Posts from the ‘Succulents’ Category

The benefits of Beneficial Instects are visually apparent

I have been promoting planting flowers to attract beneficial insects since I attended the Master Gardener’s class .  Since moving to my apartment in August of 2011, I got involved with California Native Garden Foundation and learned the endless benefits planting Natives.  I purchased a Dudleya from CNGF that is a succulent with beautiful yellow flowers.  I split the plant into its two clusters.  I kept one cluster for myself and gave the other cluster to my boyfriend Henrik as part of a beautiful succulent arrangement.  He still gets lots of compliments from his friends over the arrangement.  I should state at this point that Henrik only has one other plant on his patio and that is the African Daisy.  And his plant’ is in a winter slumber at the moment with no flowers.  So basically he has no plants on his patio to attract Beneficial’s on his patio in the Fall/Winter period.  Well it’s been 2 months since we’ve had our Dudleyas and here are the results:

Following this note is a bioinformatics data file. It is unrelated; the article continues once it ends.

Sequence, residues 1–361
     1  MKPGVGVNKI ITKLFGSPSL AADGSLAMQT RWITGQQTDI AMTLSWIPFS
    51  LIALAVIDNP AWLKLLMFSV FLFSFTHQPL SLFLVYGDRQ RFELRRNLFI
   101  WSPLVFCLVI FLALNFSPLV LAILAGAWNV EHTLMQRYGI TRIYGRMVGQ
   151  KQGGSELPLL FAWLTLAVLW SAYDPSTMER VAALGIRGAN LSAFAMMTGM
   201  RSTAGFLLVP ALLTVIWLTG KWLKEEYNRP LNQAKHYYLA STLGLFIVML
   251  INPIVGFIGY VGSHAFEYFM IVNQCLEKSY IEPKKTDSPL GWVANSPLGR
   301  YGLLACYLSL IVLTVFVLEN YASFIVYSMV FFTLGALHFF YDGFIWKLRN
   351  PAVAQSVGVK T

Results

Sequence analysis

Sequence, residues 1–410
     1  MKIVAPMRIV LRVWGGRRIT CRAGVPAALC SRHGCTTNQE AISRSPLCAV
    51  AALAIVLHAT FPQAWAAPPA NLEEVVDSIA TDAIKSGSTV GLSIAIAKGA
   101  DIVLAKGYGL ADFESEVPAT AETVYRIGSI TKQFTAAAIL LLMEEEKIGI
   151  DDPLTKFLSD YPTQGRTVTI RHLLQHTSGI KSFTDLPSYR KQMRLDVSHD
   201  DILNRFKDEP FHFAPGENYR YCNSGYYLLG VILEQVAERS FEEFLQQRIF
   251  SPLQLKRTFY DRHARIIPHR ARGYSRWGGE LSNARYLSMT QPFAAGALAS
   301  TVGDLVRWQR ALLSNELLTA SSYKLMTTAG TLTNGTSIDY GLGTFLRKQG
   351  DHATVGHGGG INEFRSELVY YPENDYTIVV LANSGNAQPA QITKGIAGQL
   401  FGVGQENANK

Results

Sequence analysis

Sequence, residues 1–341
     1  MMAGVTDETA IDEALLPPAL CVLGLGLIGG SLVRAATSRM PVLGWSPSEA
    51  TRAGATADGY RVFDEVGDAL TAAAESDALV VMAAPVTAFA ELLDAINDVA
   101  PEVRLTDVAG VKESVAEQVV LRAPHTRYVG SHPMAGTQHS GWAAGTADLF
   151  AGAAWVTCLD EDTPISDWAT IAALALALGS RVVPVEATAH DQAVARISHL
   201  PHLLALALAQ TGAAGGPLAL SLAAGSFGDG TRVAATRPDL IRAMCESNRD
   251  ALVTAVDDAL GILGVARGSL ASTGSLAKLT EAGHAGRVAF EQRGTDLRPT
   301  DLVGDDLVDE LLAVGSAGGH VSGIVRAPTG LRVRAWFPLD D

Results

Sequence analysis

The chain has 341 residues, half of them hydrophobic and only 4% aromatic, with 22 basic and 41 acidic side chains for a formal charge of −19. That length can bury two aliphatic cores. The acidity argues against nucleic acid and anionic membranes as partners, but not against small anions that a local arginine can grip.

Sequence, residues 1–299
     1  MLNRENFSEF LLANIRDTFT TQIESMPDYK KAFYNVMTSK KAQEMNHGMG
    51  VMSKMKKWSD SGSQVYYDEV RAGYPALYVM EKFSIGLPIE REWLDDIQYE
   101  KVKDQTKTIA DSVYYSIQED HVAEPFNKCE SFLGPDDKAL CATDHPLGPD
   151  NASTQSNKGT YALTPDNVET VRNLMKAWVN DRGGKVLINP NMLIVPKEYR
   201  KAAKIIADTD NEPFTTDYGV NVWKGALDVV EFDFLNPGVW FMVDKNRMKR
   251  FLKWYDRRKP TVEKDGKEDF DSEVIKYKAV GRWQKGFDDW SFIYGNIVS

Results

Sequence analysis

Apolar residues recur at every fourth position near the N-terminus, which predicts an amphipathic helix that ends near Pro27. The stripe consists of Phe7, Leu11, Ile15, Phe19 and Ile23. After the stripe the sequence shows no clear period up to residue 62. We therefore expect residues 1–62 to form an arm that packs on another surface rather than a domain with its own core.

Bottom line: I haven’t had to use any pest control sprays of any kind on my patio this year!  The Neem Oil pesticide I had bought a year ago was promptly gifted to Henrik to control his Aphid infestation on the Dudleya.

Visit to #Succulent #Gardens in Castroville, CA

Last Thursday I was driving back to San Jose from Monterey and decided to look up the address of Succulent Gardens nursery and see if it was on my way back home.  Sure enough it’s located off of highway 156 prior to connecting to the 101.  I arrived and was greeted by the very friendly sales manager and was told I had 30 minutes till close.  I was so blown away by the depth and breadth of their collection of succulents.  Unfortunately they only accepted cash or check, so I was only able to buy two of the six specimens I had picked out.  Mind you, the prices here are amazing!  The tiniest 3 inch pot specimens are only $3.  It’s the best deal for succulents I’ve found ever.

Here is their website:

http://sgplants.com/

Here are the two plants I bought!

Succulent Gardens

Propagating Succulents